PC Mag May Boycott Edelman PR
Transparency is a word that’s been kicked around a lot lately. But too much transparency is what got Edelman PR pro and blogebrity Steve Rubel kicked around this week, instead. An early Friday 13th comment about PC Magazine is fueling a potential boycott, as well as fulfilling what the PR world had feared about blogging.
Editor’s Note: Steve is a former blog partner of WebProNews. As such, we held off on this story for a couple of days to await comment. That comment hasn’t come, but we imagine it’s like asking a star running back how he feels about fumbling. Fair enough, right?
A week ago, at 5:44 a.m., Rubel posted on his Twitter page the following:
PC Mag is another. I have a free sub but it goes in the trash
It’s a short pair of sentences long on impact: short because Twitter is for stream-of-consciousness blogging with entries limited to 140 characters; impacting because Rubel is a big player at Edelman, a PR firm representing Microsoft, Palm, Mozilla, Adobe, among others that like PC Magazine’s 11 million subscribers.
That takes it well beyond an idle (public and permanent) statement to 1,600 Rubel Twitter-thought followers (isn’t interesting we live in a time where people can subscribe, basically, to your every thought as you type them? Is that narcissism, idol worship, boredom, or progress?).
CNet was the antecedent to "another," posted at 5:43 a.m., when Rubel asked if anybody still read them. CNet doesn’t appear to have been offended.
But PC Magazine Editor in Chief Jim Louderback was incensed at the remark, posting a long response on Strumpette.com (Strumpette boiled it down to "systemic Tourette’s.") Louderback, who promptly canceled Rubel’s free subscription, asked if an Edelman boycott would be overacting:
But then I started thinking about what this means for our relationship with Edelman. One of the company’s top execs had stated, in a public forum, that my magazine (and by extension, my audience) was useless to him. He wasn’t even interested in seeing whether we’d covered one of his clients. Did the rest of Edelman think like Steve? Were we no better than fishwrap to the entire company?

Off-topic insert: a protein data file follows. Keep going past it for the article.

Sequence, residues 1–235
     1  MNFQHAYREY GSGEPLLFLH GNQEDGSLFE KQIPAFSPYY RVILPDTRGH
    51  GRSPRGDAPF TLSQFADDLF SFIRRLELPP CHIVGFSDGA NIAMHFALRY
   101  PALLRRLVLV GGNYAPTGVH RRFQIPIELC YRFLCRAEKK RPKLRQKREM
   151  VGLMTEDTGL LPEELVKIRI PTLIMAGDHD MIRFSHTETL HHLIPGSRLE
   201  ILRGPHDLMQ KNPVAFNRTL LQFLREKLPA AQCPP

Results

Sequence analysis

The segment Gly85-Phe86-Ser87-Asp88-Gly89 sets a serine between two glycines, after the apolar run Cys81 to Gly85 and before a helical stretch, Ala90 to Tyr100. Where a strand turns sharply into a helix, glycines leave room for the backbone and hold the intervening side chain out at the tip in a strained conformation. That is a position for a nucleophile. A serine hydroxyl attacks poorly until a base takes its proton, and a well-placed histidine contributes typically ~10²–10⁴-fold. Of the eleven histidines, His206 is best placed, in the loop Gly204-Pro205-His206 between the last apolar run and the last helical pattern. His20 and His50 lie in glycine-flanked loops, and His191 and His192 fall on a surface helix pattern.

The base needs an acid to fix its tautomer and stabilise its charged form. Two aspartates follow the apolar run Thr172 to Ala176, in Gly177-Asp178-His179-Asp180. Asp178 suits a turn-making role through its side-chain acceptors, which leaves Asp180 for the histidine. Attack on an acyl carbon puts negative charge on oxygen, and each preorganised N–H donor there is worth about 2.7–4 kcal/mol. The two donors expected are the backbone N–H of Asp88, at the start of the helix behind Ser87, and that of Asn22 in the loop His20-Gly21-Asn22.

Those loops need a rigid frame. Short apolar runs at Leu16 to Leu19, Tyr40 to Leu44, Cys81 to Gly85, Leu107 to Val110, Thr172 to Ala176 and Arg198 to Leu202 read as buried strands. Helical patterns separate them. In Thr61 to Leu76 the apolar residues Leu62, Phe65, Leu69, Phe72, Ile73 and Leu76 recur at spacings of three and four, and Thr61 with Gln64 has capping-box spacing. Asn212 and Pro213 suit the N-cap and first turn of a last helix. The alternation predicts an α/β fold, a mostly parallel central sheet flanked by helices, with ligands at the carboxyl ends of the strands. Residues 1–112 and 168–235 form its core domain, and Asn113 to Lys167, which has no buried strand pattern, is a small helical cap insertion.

Rubel was quick to post an apology on his "Micro Persuasion" blog:
I learned a valuable lesson. Post too fast without providing context and it can elicit an unintended response. While the item is true, it does not reflect my full media consumption habits. I subscribe to PC Mag RSS feeds and have linked to several of your publication’s online articles over the three years I have been writing this blog. Further, I have linked to articles from eWeek, your sister site.
Rubel’s been light on the blog posting this week, and seems to have stopped Twittering altogether. His last post was dated and timed 8:40 p.m., April 18 (note to self: to solidify alibi, sign up for Twitter account), less than 24 hours after he posted his apology.
The length of time between Twitters is significant since Rubel has been a fairly constant Twitterer for some time.
Some other, now sadly ironic, Rubel Twitters in hours before the overreaction (yeah, overreaction, because everybody goofs up from time to time):
Someone told me they miss my feverish twittering. Damn work; damn you. kidding. I love my gig. 06:28 PM April 11, 2007
Quote of the day: "Be excellent to each other." 05:58 AM April 12, 2007
Not trying to be a downer today, but read this. Execs wary on 2.0. http://tinyurl.com/22aeb5 08:19 PM April 16, 2007
How come no one’s talking about "The Secret?" It’s becoming one of the biggest viral memes of all time. It started as a web movie. 06:47 PM April 10, 2007
Okay, so the last one’s not really ironic, just wanted to say, "because it was better the first time when it was called The Power of Positive Thinking by Norman Vincent Peale." A lot’s changed in fifty years, but some things haven’t.
Keep your head up, Steve, and remember Mr. Peale’s advice, as paraphrased in Amazon’s book description: Faith in yourself makes good things happen to you.